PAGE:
Features

Making Disability Count: Demography, Futurity, and the Making of Disability Publics

This article is part of the series:

If one considers people who now have disabilities, people who are likely to develop disabilities in the future, and people who are or who will be affected by the disabilities of those close to them, then disability affects today or will affect tomorrow the lives of most Americans. The future of disability in America is not a minority issue. (Institute

Features

“Body Leads”: Medicalizing Cultural Difference, or, what are we doing when we Say Putin Has Asperger’s Syndrome?

A recent USA Today article described a report from a Department of Defense think tank study that suggested that President of the Russian Federation Vladimir Putin has “neurological abnormalities” and, perhaps, an Autism Spectrum Disorder. The report, part of a project entitled “Body Leads,” which claims to use analysis of bodily behavior to suggest underlying neurological states, was originally written …

In the Journals

New Modes of Understanding and Acting on Human Difference in Autism Research, Advocacy, and Care — A special issue of BioSocieties

The current issue of BioSocieties is a special issue, entitled “New Modes of Understanding and Acting on Human Difference in Autism Research, Advocacy, and Care” and edited by Gil Eyal, Des Fitzgerald, Eva Gillis-Buck, Brendan Hart, Martine D. Lappé, Daniel Navon and Sarah S. Richardson. Abstracts and links to the articles are below….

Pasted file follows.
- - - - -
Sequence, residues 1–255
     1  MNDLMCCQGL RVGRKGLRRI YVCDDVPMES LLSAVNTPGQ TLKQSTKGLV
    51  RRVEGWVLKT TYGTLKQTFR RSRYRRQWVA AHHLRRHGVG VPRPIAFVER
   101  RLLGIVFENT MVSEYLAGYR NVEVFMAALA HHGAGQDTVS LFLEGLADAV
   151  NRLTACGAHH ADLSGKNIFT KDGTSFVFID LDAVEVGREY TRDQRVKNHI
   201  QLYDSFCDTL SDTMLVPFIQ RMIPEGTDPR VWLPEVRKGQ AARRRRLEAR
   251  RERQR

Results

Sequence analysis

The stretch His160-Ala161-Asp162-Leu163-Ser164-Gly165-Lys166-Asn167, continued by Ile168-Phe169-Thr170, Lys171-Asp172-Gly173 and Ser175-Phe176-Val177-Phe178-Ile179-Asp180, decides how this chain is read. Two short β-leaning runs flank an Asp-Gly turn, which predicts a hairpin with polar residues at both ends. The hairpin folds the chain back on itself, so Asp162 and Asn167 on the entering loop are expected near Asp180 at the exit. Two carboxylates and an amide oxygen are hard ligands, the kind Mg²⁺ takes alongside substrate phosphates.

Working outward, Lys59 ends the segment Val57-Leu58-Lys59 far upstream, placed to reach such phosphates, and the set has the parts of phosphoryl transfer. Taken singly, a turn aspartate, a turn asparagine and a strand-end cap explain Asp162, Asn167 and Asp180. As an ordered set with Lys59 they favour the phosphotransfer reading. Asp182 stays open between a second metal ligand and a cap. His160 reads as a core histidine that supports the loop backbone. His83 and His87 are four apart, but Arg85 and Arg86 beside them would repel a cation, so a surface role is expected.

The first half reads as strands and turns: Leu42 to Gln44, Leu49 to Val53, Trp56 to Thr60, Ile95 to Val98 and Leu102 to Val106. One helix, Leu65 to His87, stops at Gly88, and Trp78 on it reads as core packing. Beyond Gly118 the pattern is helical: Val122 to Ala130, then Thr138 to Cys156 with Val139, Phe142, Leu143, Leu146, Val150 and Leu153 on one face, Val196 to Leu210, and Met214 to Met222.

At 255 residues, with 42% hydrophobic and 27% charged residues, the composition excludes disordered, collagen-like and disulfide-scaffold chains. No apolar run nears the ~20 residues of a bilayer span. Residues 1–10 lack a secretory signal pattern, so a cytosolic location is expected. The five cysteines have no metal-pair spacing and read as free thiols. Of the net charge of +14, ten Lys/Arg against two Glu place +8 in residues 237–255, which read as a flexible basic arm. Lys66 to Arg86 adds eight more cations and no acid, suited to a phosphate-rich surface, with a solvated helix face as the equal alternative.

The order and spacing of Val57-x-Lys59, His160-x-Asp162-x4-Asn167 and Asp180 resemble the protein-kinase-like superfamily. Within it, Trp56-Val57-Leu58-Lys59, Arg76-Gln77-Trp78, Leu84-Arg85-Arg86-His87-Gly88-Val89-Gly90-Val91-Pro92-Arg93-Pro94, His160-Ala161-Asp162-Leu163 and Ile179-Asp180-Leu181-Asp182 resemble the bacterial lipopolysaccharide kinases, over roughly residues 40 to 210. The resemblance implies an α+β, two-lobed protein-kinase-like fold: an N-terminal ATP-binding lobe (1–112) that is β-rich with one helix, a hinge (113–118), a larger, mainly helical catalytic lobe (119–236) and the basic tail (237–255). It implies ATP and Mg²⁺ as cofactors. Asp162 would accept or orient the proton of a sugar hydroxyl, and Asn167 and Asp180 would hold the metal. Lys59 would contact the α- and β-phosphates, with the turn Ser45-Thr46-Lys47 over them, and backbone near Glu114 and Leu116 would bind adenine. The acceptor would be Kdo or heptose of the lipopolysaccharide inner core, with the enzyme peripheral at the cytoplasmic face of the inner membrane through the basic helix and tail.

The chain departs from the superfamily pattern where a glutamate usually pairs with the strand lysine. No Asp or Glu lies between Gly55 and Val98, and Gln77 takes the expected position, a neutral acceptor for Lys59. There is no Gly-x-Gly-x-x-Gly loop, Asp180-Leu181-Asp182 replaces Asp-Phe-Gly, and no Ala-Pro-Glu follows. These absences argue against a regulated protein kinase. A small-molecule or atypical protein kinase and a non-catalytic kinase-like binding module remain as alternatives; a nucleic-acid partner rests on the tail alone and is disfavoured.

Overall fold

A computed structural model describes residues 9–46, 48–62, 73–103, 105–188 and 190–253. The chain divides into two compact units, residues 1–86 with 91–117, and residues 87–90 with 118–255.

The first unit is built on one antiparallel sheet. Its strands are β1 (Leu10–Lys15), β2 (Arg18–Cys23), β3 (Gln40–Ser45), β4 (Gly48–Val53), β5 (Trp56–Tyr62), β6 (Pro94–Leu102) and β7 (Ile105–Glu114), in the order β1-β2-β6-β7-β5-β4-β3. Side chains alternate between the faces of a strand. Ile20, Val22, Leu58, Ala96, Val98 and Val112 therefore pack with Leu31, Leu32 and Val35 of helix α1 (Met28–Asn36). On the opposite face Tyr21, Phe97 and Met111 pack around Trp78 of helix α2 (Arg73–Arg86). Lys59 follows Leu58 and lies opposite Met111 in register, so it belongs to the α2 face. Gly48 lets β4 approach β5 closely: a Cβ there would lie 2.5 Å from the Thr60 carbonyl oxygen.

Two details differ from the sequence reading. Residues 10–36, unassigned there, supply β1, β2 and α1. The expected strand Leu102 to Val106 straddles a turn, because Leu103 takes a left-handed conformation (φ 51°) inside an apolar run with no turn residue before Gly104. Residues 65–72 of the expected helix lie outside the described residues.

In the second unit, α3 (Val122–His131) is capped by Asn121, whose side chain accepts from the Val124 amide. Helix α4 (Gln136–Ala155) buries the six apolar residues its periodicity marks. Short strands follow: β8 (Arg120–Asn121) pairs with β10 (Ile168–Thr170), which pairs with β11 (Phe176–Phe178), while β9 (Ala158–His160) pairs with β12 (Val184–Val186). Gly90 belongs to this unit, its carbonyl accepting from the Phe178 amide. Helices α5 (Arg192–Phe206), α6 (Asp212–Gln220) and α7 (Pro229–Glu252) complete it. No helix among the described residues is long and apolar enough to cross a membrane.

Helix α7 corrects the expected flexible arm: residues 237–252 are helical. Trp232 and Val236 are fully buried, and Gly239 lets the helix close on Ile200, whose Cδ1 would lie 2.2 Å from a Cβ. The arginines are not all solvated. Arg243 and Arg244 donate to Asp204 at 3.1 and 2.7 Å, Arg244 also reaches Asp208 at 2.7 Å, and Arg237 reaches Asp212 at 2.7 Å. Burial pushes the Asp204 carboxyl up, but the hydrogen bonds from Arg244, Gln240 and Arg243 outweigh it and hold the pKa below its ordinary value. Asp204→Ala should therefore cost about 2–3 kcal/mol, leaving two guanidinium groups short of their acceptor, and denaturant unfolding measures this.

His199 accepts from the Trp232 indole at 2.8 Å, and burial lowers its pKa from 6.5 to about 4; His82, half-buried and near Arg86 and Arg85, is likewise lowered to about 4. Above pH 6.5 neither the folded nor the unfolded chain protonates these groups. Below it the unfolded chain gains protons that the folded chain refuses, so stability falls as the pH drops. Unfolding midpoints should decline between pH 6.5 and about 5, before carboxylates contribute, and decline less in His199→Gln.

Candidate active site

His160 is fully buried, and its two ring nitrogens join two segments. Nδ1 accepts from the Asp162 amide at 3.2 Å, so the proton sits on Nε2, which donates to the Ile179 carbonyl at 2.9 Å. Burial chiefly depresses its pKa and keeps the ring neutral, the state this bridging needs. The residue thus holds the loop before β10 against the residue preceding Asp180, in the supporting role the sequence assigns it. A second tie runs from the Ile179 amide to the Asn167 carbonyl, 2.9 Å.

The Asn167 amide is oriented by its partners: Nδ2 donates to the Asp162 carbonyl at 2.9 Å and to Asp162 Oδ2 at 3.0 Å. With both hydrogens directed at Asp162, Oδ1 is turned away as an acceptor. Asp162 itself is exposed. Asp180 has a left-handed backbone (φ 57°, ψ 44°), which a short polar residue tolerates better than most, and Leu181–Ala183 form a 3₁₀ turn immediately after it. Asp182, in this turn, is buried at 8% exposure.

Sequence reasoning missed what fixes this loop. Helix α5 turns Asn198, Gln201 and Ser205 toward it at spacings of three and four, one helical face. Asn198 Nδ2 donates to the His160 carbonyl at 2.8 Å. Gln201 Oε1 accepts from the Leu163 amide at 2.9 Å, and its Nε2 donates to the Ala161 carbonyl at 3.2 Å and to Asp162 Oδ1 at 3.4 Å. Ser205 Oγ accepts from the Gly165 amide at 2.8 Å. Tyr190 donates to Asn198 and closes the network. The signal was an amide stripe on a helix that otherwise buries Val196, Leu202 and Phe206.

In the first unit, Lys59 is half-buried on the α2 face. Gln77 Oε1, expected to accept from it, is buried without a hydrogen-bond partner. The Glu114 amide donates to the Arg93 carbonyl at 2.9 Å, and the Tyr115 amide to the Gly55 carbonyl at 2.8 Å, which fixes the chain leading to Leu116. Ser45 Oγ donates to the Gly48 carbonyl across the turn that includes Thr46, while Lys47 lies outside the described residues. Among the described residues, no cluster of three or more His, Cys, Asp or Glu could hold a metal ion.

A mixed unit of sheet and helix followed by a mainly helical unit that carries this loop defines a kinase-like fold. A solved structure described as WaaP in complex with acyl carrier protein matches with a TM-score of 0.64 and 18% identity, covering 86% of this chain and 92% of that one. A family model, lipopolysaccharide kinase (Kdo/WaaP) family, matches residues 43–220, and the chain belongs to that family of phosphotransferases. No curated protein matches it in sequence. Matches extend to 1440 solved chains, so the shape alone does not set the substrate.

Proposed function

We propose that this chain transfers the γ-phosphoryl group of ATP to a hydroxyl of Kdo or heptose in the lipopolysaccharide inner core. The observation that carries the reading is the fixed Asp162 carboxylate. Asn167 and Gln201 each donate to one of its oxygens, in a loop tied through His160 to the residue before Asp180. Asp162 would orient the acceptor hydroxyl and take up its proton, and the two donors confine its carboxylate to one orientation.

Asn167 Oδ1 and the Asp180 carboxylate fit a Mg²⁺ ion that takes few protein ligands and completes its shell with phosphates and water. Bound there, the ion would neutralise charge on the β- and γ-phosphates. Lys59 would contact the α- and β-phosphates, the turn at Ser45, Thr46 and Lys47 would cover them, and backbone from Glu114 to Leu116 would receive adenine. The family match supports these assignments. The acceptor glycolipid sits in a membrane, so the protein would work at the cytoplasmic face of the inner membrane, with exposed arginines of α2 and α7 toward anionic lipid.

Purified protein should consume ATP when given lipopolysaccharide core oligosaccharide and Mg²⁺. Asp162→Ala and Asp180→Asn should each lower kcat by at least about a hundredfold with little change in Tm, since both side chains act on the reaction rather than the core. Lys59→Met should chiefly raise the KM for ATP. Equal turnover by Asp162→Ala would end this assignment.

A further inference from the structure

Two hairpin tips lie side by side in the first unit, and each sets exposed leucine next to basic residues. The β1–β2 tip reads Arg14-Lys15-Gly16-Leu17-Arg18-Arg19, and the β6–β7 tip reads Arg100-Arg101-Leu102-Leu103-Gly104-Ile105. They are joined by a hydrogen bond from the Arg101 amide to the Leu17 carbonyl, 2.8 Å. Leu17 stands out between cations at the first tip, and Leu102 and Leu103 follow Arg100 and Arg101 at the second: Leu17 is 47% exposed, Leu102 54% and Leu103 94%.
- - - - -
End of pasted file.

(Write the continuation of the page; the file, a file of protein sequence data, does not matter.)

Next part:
New modes of understanding and

Features

Autism, sociality, and human nature

There are, I believe, a few reasons to suppose that autism is a particularly fascinating area to be studying at the moment.  What are those reasons?  Firstly, prevalence rates of autism have soared in recent decades, from 1:2,500 in 1978 to around 1:100 today: a staggering 25-fold increase.  Secondly, and simultaneously, the nature of those receiving a diagnosis of autism …

In the Journals

"Neuroscience and subjectivity": a special journal issue

The latest issue of Subjectivity — which focuses on “Neuroscience and subjectivity” — includes a number of interesting articles in the rapidly advancing discussion around neuroscience and society. In their opening Editorial (the only article available without a subscription) guest editors John Cromby, Tim Newton and Simon J Williams argue that:

[T]he neurosciences are likely to continue occupying